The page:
There are many files that you don’t want to store in your project’s Git repo. Some of these are even specific to the project. Some are definitely not. How do you ignore these that aren’t related to the project?
.gitignore For the Project
In your project directory, you likely have a
.gitignore file. Here, you keep things that might show up in that directory out of the project’s version-controlled source tree. There’s not much to it. On each line of the file, list the file names, directory names, or partial patterns that you don’t want Git to track or even know about.
For instance, if you’re doing a Node.js project, you probably want to track all your own
.js files, found in
src/. But you don’t want to track all those 3rd-party modules in
node_modules. You probably don’t want to track your code compiled for distribution either. So, your project’s
.gitignore file might look like this:
.gitignore For Your System
Everything that goes in the project’s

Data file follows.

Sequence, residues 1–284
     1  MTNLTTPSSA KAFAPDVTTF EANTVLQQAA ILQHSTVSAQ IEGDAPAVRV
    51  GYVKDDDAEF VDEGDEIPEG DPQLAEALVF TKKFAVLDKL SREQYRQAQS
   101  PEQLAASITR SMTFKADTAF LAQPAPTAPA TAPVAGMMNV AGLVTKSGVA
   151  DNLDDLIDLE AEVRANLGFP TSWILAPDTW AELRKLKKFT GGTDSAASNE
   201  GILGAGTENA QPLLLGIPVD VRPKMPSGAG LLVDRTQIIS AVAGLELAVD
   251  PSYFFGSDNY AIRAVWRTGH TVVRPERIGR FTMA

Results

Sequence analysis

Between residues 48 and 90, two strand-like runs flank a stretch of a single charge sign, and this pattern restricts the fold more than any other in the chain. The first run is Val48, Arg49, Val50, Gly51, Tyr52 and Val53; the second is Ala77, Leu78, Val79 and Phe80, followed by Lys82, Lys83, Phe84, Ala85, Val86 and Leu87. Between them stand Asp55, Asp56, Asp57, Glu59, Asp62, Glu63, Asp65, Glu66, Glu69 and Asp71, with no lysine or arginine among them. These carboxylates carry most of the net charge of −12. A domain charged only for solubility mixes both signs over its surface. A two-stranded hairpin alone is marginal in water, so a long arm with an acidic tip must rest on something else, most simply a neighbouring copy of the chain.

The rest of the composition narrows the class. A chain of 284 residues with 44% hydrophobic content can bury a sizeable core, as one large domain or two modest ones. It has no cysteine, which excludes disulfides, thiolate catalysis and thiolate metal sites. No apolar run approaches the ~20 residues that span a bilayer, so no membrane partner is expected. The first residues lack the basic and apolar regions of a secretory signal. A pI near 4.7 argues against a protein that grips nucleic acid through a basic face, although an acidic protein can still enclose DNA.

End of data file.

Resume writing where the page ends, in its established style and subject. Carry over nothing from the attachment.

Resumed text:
.gitignore file should relate to the project. And it should relate to everyone.
There are many people and systems interacting with your project. For instance, some developers might be on Mac OSX and get those nasty Finder thumbnail files,
.DS_Store that end up popping up all over the place. Others on the project might use the venerable Jetbrains editors which drop an
.idea/ directory in every project they edit. These facts should be transparent to your project. Every time someone picks up a new editor or switches an OS, the project shouldn’t have another commit updating the
.gitignore with yet another thing.
You can make Git ignore files that appear on your system but are unrelated to the project.
Edit your top-level
~/.gitignore. Add all your system-related things there. It might end up look like: